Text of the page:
etc...
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Old 11-05-2008, 07:14 AM   #3
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Plex has given you some great advice, Dreamweaver. The important thing, that you have already done, is identified your goals clearly, and chosen a partner that wants the same goal as you!
The "old-timers" around here will tell you that having a partner that is on board is one of the most critical parts of the puzzle. Stick around here for encouragement, ideas, and camaraderie as you shun most of what consumer society has on offer.
Many, like me, save 30-50% of their incomes each month for investing. Many, like me, have paid for homes at young ages. Most focus on eliminating or reducing regular monthly recurring expenses so they can save more.
Welcome--you are on the right path!
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Old 11-05-2008, 08:19 AM   #4
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Hi Dreamweaver... this would be my suggestion to you....

#1. Invest as much as you can into your 401k plan at work. Or at the very least if they match.... up to that limit. If not you are throwing away free money.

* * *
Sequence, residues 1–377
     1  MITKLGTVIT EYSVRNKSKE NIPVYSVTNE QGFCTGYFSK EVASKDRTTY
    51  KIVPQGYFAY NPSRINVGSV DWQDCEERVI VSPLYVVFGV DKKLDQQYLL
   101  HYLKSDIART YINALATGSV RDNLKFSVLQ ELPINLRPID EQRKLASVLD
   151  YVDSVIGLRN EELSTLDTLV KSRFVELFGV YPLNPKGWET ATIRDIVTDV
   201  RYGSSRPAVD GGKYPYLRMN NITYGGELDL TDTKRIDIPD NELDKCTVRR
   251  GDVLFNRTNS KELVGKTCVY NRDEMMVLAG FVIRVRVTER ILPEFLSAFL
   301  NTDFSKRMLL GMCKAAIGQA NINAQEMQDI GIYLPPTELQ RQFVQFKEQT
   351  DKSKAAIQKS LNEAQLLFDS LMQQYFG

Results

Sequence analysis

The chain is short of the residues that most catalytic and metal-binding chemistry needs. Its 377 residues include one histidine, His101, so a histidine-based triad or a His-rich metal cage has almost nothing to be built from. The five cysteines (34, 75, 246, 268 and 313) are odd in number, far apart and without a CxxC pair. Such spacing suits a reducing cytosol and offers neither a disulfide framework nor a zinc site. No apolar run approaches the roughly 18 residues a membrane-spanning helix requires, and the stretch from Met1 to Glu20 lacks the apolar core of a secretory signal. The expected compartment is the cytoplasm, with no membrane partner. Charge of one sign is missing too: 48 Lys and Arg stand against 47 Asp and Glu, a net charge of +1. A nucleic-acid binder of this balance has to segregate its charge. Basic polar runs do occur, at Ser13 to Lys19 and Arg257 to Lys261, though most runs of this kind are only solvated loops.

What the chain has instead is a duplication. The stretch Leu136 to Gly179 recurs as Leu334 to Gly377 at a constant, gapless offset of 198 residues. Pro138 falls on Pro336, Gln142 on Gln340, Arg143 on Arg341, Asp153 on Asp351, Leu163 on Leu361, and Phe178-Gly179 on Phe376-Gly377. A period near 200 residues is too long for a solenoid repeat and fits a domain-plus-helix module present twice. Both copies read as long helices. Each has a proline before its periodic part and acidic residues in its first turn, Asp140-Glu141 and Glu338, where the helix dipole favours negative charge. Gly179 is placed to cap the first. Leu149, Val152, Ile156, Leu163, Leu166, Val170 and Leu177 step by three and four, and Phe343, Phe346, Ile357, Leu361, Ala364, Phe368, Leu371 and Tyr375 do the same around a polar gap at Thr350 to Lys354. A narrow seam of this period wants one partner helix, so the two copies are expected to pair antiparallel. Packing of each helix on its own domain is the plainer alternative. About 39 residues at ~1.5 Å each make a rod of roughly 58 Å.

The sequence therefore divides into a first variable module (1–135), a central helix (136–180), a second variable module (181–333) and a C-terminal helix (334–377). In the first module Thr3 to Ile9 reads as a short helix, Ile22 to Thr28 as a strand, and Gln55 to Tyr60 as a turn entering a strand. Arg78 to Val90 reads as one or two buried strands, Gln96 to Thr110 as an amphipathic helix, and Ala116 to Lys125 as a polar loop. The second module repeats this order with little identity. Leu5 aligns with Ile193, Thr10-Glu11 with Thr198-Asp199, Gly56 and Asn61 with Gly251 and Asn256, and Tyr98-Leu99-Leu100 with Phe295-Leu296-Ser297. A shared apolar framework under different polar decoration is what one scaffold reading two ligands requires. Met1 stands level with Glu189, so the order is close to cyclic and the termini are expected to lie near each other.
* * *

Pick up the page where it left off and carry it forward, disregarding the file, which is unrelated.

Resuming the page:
#2. Max out you ROTH IRA contribution every year. I like to plan it out in such a way that right around the time I am getting my tax refund, it goes right into my Roth for the year. Technically getting a tax refund is not the most efficient way to do it. But it is hard for everyone (including me) to come up with 5k all at once, so that tax refund helps me do it.

3. You WILL need to take some risk in your investing. This means it will be geared a bit higher towards stocks than bonds. However in light of the current situation (stock market down so far) you time horizon is far enough away that you should do fine. Remember it IS possible to conserve yourself right into the poor house. If you just save in bonds and a checking account making .2% inflation will destroy all of your gains.

4. Consider using ING or HSBC bank accounts for your liquid assets (savings account). They are online (no brick and mortar locations), but the upside is you get upwards of 3% interest a year and they are FDIC insured. The catch is you need a couple of business days before your can get that money transferred to a regular bank account. As long as you have enough cash to tide you over for a few days... it should not matter.